Let's talk about Bill O'Reilly and his show's charming practice of stalking people who, for whatever reason, have annoyed the bold, fresh piece of humanity.
Certainly, I find the practice unnerving. Whatever your politics, can you imagine being accosted while waiting for a bus or buying a Slim Jim at the local Gas N' Gulp by a couple of pushy young guys barking in-your-face questions? That said, the m.o. itself isn't exactly beyond the pale. Photographers and tv crews have a proud history of stalking celebrities, politicians, people suspected of a crime, and even regular folks caught up in irregular situations: Your son just shot up a shopping mall? I think I'll camp out on your lawn in the hopes of catching a shot of you weeping near a window. Perhaps most famously, Mike Wallace did it to devastating effect for his "60 Minutes" reports.
The main difference with O'Reilly seems to be the aim of his ambushes. As the NYT notes in its piece today, increasingly O'Reilly's targets are less public officials he regards as doing a poor job than liberals and other critics of the GOP (10 of his last 12 ambushees) with whom he has a bone to pick or a score to settle. For instance, he didn't really want Think Progress's Amanda Terkel to explain why she had done what she had done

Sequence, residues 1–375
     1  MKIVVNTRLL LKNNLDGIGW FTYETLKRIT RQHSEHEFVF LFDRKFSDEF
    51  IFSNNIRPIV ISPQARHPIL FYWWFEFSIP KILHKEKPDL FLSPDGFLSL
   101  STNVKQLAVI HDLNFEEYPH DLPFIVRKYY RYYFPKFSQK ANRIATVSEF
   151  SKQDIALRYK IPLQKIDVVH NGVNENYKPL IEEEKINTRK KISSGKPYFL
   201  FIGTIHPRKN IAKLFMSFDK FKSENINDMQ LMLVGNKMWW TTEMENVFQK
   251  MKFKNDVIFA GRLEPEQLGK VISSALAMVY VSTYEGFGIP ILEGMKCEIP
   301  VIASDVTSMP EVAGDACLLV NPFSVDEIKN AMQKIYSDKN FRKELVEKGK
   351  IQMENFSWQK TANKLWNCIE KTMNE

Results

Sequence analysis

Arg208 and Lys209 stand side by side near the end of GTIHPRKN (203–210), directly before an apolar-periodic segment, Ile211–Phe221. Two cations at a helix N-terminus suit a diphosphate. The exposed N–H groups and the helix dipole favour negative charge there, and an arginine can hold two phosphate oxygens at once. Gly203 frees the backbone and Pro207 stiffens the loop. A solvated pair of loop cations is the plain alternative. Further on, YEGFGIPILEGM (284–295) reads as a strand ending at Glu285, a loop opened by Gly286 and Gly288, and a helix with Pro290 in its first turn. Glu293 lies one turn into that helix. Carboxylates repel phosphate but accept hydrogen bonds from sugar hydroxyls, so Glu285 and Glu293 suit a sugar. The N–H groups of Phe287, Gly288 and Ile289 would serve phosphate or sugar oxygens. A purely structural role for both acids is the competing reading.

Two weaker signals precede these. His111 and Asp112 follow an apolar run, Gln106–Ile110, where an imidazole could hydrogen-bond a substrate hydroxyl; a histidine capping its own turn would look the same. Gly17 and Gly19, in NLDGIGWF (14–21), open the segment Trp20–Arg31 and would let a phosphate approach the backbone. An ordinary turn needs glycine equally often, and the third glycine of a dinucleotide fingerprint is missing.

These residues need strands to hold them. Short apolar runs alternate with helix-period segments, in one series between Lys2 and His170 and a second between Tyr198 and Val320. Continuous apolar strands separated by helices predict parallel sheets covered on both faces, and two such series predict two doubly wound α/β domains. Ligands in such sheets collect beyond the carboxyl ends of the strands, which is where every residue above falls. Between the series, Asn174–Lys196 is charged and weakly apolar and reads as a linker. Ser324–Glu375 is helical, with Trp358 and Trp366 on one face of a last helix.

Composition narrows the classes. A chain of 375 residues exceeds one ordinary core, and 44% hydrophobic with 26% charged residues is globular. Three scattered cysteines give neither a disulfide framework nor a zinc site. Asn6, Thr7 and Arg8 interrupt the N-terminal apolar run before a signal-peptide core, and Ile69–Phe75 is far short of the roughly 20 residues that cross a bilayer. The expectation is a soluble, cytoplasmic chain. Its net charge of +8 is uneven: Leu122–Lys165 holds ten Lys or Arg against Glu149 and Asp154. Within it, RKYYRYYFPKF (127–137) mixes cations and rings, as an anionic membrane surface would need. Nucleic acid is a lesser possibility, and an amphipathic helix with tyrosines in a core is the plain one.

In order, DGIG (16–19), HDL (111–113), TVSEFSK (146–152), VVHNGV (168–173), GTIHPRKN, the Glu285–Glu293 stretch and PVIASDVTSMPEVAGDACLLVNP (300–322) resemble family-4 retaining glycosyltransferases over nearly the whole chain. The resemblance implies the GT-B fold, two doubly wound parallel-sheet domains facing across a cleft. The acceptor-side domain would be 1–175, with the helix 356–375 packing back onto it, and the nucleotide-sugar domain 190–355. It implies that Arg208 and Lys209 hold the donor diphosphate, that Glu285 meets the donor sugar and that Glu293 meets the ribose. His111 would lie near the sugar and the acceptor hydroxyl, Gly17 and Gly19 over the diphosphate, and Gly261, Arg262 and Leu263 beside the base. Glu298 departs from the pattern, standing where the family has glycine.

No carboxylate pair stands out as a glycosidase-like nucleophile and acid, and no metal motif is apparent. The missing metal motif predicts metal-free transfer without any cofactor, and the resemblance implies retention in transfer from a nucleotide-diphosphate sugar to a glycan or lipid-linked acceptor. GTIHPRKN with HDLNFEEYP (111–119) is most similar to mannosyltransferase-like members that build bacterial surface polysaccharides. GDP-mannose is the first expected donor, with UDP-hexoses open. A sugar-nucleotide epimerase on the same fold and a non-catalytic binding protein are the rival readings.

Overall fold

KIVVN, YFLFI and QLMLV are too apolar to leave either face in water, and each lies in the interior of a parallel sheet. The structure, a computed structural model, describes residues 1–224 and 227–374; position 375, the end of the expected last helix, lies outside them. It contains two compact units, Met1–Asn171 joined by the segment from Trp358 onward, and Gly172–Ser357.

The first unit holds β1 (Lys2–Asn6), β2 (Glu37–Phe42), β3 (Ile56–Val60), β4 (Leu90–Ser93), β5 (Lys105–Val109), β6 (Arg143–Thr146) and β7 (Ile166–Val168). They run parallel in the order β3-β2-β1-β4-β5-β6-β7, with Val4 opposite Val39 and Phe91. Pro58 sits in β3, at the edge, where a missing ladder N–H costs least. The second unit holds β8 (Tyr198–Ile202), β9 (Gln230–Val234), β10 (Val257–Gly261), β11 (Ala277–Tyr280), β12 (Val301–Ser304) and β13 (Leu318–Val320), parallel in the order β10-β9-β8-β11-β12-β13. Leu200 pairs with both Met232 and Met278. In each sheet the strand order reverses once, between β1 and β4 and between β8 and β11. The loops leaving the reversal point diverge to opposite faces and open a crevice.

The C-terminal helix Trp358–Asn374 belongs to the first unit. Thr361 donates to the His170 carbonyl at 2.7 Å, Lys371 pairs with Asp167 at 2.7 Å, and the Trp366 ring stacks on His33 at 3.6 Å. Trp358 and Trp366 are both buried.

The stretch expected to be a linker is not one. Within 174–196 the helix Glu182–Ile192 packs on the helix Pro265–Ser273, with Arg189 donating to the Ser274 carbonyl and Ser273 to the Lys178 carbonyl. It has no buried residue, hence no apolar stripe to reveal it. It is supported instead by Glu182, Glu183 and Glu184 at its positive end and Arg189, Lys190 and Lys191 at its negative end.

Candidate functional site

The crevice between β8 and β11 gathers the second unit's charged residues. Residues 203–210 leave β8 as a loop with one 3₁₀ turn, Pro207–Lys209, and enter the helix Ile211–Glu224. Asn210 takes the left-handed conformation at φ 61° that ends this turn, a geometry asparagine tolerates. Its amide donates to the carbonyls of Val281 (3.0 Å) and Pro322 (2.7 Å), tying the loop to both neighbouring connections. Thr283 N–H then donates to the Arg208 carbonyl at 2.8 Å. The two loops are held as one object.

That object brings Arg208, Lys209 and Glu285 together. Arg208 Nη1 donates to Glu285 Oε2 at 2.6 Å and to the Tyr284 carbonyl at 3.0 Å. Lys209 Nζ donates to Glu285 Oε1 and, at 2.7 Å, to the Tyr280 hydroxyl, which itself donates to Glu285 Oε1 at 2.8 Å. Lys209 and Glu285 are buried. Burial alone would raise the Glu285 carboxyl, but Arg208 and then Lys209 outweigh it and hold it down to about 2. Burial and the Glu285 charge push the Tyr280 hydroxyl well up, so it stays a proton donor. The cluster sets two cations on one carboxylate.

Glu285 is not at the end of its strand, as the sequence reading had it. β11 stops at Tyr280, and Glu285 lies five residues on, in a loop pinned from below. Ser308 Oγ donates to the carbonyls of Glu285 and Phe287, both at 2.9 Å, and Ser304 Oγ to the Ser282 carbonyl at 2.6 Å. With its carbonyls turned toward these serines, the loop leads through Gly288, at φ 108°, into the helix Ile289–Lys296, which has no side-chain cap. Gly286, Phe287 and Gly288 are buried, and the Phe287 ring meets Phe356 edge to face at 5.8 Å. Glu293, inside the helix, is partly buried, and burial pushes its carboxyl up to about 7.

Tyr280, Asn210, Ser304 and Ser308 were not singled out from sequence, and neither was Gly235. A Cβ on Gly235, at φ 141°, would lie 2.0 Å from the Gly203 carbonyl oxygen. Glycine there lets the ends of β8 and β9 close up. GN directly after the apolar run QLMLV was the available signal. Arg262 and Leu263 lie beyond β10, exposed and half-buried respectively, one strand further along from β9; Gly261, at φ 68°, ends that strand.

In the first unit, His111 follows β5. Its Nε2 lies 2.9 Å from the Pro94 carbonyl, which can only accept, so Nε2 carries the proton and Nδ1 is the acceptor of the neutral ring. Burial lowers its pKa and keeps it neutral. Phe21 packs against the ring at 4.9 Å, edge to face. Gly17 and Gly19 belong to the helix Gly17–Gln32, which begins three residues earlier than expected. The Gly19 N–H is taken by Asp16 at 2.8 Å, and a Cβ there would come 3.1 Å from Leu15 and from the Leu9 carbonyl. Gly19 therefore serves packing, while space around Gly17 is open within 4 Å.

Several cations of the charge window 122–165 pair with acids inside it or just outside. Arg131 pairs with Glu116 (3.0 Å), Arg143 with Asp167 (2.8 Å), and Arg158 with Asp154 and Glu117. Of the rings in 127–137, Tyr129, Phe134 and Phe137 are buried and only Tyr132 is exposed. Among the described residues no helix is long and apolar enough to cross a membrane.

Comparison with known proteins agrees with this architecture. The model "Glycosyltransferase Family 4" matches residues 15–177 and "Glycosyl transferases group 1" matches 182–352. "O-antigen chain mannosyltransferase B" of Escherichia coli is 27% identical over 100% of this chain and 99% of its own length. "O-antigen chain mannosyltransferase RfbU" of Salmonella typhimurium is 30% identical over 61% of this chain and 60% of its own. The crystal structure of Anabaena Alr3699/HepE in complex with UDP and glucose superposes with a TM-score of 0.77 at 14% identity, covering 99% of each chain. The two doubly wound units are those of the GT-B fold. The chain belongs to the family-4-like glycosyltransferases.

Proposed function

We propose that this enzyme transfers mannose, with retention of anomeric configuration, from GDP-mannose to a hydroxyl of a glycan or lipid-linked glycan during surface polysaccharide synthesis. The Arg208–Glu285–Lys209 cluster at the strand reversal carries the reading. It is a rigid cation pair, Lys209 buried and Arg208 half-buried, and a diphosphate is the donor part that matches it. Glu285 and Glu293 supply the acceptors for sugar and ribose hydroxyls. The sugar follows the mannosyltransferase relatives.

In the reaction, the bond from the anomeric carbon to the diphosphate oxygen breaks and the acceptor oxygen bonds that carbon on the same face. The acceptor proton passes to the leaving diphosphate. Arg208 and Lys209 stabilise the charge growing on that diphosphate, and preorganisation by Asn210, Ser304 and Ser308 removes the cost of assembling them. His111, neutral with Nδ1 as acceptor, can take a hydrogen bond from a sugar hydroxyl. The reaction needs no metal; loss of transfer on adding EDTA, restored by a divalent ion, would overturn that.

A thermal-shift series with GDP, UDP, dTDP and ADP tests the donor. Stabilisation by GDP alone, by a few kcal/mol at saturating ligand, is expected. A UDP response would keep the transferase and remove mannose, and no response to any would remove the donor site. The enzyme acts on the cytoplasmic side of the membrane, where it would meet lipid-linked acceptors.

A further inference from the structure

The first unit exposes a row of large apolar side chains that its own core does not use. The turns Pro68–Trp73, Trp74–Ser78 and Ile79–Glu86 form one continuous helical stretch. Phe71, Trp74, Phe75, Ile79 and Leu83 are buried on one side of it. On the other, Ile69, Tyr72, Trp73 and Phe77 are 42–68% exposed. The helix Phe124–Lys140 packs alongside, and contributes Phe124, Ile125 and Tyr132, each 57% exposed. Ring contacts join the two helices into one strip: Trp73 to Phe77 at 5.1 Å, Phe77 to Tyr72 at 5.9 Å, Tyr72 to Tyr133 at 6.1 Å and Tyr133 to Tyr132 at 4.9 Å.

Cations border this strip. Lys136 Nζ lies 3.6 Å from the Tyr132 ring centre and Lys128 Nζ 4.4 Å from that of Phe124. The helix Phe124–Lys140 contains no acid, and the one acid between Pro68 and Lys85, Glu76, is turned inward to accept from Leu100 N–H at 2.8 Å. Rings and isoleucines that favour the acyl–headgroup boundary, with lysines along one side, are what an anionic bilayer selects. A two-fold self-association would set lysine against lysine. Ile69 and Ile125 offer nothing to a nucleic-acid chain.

(which was, in short, draw attention to inflammatory remarks O'Reilly
had once made about a young rape/murder victim). He wanted to make her look bitchy and defensive. In this way, suggests the Times, The Factor's sneak attacks--the undignified, slightly thuggish conduct of which is, of course, carried out by junior staffers rather than Big Bill himself--are less like Mike Wallace than like lefty bombardier Michael Moore. This, despite O'Reilly's absurd protestations of a few years back that he, unlike Moore, isn't exploiting these interviews for personal gain.
But this is just another by-product of the shift toward personality-driven "cable news." Shows like The Factor are overwhelmingly about the host--his passions, his peeves, his prejudices, and his ability to whip viewers into a frenzy over the same. Reporting has never been part of the equation. So when one of these All-About-Me shows takes a reportorial technique and applies it to non-reportorial objectives, it just feels skeezier than when, say, Wallace did it--especially with O'Reilly on the downhill slope toward unleashing his video dogs on whatever unlucky bastard happened to cut him off in traffic that morning.
You may now place your bets on how long it will be before Olbermann sends a camera crew to jump O'Reilly outside his dermatologist's office.